How to Keep Your Business Premises Well Ventilated, and Secure

The Health and Safety Executive (HSE) says that employers must ensure there is adequate ventilation in enclosed areas of their workplace.

The Health and Safety Executive (HSE) says that employers must ensure there is adequate ventilation in enclosed areas of their workplace. But if you’re relying on natural ventilation and need to leave windows open to allow fresh air to circulate, how do you make sure you don’t leave your business open to a security risk?

Workplace ventilation and window security

Ventilation is the process of bringing in fresh air from outside and removing indoor air, which may be stale, hot and humid because of work machinery and processes, or contain pollutants and other impurities.

The HSE has recently published new guidance to help businesses comply with their duty to provide sufficient fresh air under health and safety law.

Under Regulation 6 of the Workplace Health, Safety and Welfare Regulations, employers must ‘ensure that every enclosed workplace is ventilated by a sufficient quantity of fresh or purified air’.

Not only is it the law to provide sufficient fresh air, but studies have shown that good ventilation in the workplace is associated with:

  • Improved health
  • Better concentration
  • Higher levels of satisfaction with an environment
  • Lower rates of absence from work
  • Better quality of sleep
  • Reduced exposure to a wide range of air pollutants

Ventilation can be natural, or mechanical or a combination of the two. The chosen method of ventilation will depend on the building, and employers need to decide which options work best for their particular workplace. If that method is natural ventilation, then it will be down to the likes of doors, windows and other openings such as trickle vents, air bricks or grilles to provide air.

If you are relying on open windows to provide natural ventilation for your premises, then you’re going to need to make sure that those open windows do not pose a security threat.

Bearing in mind that unforced break-ins will rarely qualify for an insurance payout, and that opportunistic intruders target windows as they can offer easier access than doors, it’s vital to check whether your windows could provide a way in without staff noticing.

How to ensure adequate natural ventilation whilst keeping your premises secure?

There are various ways in which you can make sure your open windows don’t provide a way in for intruders.

Start with the basics

Start by checking how your windows look from the outside. Remove potential access points where you can. For example, are there waste bins or anything that could be used to reach windows? Stacked up pallets for example? If so, be sure to either move objects, or fix them in place so they can’t be shifted into place and used as an aid to reach an open window.

Window security bars

Securing a window with bars is one of the most effective ways of preventing a break-in whilst the window is open. However, before you put bars up at your windows, you’ll need to check current fire regulations. Window bars can hinder escape in the event of a fire, so you’ll want to make sure you choose a product that can be removed without delay with the push of a quick-release lever. Just make sure that lever can’t be accessed from the outside, allowing an intruder to release the bar and gain entry.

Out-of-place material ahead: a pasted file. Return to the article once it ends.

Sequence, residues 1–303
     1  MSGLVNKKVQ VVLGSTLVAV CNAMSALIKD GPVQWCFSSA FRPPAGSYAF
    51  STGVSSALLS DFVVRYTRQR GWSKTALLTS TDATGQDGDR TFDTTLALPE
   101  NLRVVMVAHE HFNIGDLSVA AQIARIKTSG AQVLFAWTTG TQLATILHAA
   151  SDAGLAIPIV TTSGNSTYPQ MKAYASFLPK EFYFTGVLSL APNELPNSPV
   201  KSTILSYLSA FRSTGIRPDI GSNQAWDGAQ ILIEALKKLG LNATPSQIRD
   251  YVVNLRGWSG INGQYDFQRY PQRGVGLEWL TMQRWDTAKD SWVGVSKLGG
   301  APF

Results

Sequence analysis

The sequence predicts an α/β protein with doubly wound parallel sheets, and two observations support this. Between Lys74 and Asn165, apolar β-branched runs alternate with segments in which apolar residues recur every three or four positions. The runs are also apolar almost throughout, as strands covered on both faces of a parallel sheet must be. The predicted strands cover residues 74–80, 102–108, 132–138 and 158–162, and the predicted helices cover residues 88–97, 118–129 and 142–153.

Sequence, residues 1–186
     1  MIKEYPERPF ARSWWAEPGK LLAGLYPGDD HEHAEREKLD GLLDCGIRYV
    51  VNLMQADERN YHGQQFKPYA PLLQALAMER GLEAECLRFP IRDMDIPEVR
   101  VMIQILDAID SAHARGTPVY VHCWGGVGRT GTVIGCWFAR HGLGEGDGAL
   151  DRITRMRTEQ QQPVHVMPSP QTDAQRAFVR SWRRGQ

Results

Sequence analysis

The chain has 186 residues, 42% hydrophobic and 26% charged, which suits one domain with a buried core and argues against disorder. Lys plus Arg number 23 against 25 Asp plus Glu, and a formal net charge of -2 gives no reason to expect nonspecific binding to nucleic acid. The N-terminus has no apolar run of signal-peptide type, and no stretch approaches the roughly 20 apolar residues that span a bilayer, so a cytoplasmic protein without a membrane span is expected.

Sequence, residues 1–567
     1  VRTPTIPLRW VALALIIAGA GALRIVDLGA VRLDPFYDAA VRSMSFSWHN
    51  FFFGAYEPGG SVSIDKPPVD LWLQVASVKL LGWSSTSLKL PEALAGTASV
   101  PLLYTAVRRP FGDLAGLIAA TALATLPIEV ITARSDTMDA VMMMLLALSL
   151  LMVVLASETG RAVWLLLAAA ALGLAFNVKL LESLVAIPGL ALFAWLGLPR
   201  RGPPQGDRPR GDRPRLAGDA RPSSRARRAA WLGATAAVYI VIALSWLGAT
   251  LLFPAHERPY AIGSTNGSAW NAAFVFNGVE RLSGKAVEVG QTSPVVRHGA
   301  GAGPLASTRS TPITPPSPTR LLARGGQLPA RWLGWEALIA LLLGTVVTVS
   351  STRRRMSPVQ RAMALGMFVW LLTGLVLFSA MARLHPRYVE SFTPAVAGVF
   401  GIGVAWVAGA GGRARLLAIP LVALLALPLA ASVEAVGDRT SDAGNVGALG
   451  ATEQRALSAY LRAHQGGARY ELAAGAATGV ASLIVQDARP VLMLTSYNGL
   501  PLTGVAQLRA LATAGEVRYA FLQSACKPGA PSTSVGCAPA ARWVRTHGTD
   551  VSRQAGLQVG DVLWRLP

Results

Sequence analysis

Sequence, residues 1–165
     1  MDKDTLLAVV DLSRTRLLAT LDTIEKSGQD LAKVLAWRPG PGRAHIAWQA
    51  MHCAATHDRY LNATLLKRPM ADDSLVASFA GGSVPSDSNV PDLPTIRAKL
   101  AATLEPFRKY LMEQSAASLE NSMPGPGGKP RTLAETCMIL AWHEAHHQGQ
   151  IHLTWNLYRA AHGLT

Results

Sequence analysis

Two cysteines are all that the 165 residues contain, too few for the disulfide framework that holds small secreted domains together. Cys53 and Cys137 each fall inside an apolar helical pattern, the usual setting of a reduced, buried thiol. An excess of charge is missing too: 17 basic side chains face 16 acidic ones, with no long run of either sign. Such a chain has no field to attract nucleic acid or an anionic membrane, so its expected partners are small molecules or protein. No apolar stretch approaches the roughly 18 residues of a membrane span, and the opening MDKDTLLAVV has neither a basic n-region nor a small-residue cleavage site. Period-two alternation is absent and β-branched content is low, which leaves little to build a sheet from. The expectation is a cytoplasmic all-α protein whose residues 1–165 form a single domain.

Window restrictors / ventilation window locks

Window restrictors are designed to prevent windows opening more than a set distance. This distance is usually around 10cm, allowing for ventilation, but preventing anyone from being able to get in through the window from the outside.

Restrictors can be solid (usually steel) arms or cables. Whilst they can be unlocked from the inside, allowing you to fully open the window where necessary, they are not designed to lock a window in the closed position. You’ll need fit-for-purpose window locks for that.

Window sash stops

If your building is fitted with sliding sash windows, you have the option to fit a lockable sash stop. These allow you to leave a 10cm gap for ventilation, whilst locking the window in place.

Sash stops are fitted on the upper sash, preventing the sashes from sliding over each other. They’ll either be protruding bolts that are removed with a key, or bolts that are extracted manually.

Motion sensors

Motion sensors fitted close to an open window will detect when someone is moving around nearby. Once movement is detected, an alarm will be activated, or a smart device alert sent.

Due consideration needs to be given to the siting of the motion sensors so that they are not set off unnecessarily, for example by a gust of wind coming through the window. They are also not suitable for occupied workspaces.

Looking for a solution to keep your business premises ventilated but secure at the same time?

If you are seeking expert guidance on keeping your business premises safe whilst ensuring you provide a well-ventilated workplace, talk to Barry Bros Security. We have been taking care of the security needs of businesses of all sizes throughout London and beyond for more than seven decades.

Our showroom in central London is staffed by experts ready and waiting to provide you with tailored assistance. You can also give us a call or drop us a line to arrange an onsite visit.

How Can We Help?

Regardless of the type of premises you are looking to protect, Barry Bros Security has the solution. Contact us today for expert advice and the benefit of decades of experience in the security industry.